Islam - The Straight Path

Satisfactory Essays
'The Straight Path' John L. Esposito

It can be a difficult task to convey large amounts of information, in this case the aspects of the Islamic religion, in a meaningful and clear manner. However, The Straight Path by John. L. Esposito manages to do this very well. I approached this book with an open mind, and at the same time I had some ideas of what I was looking for already, considering the current material I have read and discussed in class with Dr. Yusuf and the class. The knowledge was basic, covering topics such as the pillars of Islam, articles of faith, and the direct origin of the Quran through the Prophet Muhammad, as well as information about Muhammad himself and some of his companions.

One of my habits when reading a book is that halfway through the reading, I go back to reread the Introduction (if it exists). The reason for this is to gauge whether or not the overall tone and scope of the book is accurately described by the authors original setup, or thesis statements, for the book. It is here that the author describes the need for a universal and worldwide understanding of Islam, because of it's status as a major world religion. To westerners, it hopes to dispel much of the negative attention Muslims sometimes receive, and hopes to educate them that they are more similar than different. The final sentence of the introduction sums this up, and is particularly striking. "Thus, to understand the world in which we live requires a knowledge of the straight path of Islam as a prerequisite for an appreciation of our theologically interconnected and historically intertwined Judaeo-Christian-Islamic heritage." I feel that the author has successfully maintained this tone throughout the book, and I agree with the assessment that knowledge in this area is necessary due to the large amount of Muslims in the world, which is more than likely more than a billion people, or 1/6 the population of the planet, making it the world's second largest religion.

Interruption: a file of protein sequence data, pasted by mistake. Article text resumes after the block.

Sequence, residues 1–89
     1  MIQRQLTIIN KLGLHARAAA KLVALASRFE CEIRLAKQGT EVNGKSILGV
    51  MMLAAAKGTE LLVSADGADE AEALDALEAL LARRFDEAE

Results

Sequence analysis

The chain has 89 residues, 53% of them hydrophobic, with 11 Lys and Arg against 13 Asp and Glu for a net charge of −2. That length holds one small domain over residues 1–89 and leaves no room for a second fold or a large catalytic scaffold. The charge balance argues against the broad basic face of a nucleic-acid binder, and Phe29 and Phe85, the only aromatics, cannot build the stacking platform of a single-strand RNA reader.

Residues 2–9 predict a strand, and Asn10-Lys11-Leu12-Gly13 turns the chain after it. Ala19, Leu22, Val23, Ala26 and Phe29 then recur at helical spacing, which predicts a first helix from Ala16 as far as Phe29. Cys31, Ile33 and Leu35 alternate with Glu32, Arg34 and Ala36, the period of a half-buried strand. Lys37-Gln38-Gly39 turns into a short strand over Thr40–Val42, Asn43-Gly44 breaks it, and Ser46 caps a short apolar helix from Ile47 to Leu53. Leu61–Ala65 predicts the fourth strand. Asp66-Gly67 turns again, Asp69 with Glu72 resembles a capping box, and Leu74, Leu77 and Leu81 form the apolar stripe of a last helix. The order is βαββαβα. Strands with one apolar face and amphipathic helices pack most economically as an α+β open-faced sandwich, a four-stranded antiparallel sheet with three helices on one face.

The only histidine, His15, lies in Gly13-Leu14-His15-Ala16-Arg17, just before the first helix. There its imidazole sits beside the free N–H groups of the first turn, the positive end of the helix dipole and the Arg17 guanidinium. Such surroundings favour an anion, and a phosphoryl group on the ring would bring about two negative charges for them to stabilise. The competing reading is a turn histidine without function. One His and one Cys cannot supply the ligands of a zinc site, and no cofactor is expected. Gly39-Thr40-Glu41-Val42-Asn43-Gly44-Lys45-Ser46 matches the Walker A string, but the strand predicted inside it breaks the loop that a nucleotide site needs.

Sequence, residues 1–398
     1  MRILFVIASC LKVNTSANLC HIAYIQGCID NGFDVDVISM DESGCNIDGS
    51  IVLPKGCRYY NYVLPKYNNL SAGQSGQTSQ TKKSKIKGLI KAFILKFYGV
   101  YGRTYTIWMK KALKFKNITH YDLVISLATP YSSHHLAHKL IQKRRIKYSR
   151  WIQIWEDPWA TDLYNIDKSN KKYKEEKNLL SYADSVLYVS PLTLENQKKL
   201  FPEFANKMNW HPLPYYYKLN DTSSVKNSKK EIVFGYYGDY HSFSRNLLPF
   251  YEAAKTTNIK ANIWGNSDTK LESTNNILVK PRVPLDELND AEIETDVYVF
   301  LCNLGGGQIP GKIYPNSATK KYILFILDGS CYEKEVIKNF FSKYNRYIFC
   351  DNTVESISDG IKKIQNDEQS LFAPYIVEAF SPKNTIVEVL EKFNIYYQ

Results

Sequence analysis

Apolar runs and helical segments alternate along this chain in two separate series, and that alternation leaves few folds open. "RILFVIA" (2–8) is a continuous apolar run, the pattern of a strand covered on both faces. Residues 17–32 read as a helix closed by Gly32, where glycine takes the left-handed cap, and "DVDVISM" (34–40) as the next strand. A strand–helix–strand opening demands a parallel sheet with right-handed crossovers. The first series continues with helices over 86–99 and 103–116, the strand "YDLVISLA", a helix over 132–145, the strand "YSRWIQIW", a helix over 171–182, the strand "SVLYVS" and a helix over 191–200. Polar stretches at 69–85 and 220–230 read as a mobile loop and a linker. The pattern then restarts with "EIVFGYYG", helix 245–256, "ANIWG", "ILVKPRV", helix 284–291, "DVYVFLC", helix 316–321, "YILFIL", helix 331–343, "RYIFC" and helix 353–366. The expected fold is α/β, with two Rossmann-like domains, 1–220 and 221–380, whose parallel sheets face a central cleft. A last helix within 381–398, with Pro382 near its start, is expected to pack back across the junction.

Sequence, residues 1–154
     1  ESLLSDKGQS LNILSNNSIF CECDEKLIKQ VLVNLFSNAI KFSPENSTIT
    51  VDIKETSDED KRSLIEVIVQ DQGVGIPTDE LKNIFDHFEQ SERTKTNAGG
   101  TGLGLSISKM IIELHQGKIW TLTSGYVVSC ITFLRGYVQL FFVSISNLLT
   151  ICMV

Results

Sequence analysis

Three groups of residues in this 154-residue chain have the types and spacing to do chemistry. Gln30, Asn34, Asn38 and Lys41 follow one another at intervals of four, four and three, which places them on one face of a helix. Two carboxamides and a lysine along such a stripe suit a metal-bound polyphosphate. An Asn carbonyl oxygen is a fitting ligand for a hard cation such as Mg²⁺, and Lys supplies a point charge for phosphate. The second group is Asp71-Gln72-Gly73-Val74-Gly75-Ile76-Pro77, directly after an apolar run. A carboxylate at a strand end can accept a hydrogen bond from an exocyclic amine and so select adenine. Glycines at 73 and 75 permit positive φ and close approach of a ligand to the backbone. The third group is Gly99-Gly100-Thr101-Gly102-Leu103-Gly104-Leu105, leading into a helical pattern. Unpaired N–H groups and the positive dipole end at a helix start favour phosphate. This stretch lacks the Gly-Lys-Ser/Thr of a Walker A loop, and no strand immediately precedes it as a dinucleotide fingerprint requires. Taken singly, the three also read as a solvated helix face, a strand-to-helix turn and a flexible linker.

The first chapter began as I expected, closely depicting the knowledge I had already. Early Arabia, before Muhammad is described briefly, then focus shifts to Muhammad and accurately depicts the events that led to him becoming a Prophet of God. The author parallels the intention of the book with the intention of Gabriel by including this verse:
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